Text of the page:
Step 1 is the prerequisite problem for everything we want to achieve. We spent the first decade of Tlon’s history building Urbit as the solution. Urbit is a complete, wholly encapsulated system for a user to run a personal server in the cloud. We built Urbit to deliver a well-crafted, maintainable system for individual cloud computing far into the future.

Rather than get too in-depth about Urbit as a piece of technology, the important thing for understanding what Tlon is up to is to understand how categorically different Urbit is:

In the current world we live in, everyone goes to their software. We connect to the software provider, who stores all of our data, runs the app, and controls everything about it.

In an Urbit world, our software comes to us. Each Urbit user runs their own node that stores their own data and freely networks with other Urbit nodes as needed. The network is maintained as an open system and protocol and owned by everyone who depends on it.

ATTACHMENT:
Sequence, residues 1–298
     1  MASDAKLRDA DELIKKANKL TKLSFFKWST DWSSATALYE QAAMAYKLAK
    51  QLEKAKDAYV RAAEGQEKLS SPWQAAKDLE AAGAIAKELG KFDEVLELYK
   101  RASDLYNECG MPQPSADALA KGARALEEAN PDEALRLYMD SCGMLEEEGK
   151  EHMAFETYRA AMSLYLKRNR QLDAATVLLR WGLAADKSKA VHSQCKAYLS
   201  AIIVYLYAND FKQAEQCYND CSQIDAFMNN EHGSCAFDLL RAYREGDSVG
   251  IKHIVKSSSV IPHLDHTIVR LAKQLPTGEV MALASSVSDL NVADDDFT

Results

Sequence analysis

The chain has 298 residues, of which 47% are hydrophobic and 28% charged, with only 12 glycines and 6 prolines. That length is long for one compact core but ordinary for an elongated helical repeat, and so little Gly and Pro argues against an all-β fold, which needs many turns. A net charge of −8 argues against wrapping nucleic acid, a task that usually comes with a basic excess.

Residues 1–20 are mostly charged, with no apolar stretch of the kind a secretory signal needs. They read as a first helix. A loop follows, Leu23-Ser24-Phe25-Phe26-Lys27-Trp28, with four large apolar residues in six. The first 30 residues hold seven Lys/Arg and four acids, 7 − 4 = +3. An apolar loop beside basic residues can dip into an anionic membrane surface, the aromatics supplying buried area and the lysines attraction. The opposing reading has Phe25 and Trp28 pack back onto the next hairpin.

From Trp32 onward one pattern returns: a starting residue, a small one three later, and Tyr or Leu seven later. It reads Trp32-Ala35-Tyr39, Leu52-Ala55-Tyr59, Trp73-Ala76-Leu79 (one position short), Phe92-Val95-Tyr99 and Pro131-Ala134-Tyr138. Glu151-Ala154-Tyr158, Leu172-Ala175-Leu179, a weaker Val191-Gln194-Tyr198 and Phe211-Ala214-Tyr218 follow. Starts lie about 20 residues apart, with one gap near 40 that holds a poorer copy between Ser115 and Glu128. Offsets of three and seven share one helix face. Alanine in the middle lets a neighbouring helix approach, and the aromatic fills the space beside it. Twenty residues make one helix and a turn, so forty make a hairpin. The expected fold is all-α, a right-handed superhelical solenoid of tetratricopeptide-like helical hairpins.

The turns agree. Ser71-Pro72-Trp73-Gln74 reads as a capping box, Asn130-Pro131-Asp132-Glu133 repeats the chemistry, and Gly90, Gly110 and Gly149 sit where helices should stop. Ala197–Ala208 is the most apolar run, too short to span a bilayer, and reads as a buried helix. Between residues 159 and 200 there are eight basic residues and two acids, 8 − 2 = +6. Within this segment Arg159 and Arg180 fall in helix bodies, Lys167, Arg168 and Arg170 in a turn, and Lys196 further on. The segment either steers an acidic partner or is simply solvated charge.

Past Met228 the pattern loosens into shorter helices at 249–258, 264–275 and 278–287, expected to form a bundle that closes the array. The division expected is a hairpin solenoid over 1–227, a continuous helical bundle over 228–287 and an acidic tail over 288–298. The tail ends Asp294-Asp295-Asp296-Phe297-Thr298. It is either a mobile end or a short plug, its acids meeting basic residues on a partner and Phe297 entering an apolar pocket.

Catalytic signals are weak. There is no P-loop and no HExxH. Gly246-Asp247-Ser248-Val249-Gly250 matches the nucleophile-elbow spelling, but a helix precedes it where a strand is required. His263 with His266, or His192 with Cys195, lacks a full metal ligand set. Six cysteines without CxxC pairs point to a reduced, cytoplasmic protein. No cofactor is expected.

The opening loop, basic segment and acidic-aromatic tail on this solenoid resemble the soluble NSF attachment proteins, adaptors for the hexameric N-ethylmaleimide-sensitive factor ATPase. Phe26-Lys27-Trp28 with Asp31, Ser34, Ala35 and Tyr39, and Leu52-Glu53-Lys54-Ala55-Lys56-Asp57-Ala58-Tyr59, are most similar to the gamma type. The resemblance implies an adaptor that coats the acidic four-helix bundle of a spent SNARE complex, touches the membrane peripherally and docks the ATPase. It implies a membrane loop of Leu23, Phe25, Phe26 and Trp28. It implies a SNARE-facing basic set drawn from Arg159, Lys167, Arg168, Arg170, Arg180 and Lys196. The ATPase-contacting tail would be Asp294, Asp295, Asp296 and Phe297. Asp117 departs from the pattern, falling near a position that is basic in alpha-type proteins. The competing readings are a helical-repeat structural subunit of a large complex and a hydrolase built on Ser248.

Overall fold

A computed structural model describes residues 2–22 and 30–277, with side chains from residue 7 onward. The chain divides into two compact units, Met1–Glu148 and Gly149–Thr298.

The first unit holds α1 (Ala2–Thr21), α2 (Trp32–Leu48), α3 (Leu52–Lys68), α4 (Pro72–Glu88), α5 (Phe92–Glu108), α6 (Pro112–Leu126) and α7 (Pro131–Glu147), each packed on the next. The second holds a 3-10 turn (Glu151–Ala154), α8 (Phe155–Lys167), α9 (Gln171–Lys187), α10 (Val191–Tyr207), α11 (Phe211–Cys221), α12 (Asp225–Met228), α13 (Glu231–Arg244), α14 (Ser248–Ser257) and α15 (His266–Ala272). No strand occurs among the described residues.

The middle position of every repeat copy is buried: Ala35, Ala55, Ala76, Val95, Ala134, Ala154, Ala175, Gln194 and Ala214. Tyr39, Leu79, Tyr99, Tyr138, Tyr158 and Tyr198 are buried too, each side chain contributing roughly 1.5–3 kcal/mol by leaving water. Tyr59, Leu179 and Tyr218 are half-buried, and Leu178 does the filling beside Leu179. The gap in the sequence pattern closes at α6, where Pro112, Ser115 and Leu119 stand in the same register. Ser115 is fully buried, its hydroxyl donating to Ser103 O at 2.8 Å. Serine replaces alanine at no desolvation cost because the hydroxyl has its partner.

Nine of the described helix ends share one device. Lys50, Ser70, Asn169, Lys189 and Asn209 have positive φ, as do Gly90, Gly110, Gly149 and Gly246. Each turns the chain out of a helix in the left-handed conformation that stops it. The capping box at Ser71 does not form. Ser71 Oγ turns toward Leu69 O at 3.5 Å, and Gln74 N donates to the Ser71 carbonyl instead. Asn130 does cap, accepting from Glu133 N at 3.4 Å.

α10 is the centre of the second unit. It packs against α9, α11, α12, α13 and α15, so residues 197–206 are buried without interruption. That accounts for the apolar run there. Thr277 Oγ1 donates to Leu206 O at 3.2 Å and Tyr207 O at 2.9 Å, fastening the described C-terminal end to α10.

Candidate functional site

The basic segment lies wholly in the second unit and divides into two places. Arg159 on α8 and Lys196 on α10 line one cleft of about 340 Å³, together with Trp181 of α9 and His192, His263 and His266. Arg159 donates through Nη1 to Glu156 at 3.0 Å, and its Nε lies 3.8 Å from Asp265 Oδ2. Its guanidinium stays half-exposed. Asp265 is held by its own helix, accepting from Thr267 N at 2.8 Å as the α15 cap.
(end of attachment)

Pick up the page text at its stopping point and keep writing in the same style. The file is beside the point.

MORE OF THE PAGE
(If you’re curious to dive into Urbit as a piece of technology, head to the site.)

This is a new paradigm for individual computing in the cloud. Your Urbit node belongs to you, can run anywhere, and can conceivably last forever. The entire system is open and can be audited; the network is both encrypted and peer-to-peer. Urbit provides the guarantees of openness, ownership, and durability—what we expect, but don't have, from a tool for staying connected.

Urbit on its own is just technology. We want to materialize the power of that technology for everyday use. While Urbit isn’t finished it is good enough for step 2.

Step 2: A better communication tool

We're starting with a high-quality messenger for groups.

Messaging is a constant part of our everyday lives online. Most of us are messaging all day, every day. And yet, our options for messaging are really limited.

"There are already so many messengers," we often hear. Yeah, we know. We think they're all lacking, compromised or frustratingly rigid. They're all going to disappear, none of them are extensible, and only one of them is probably private.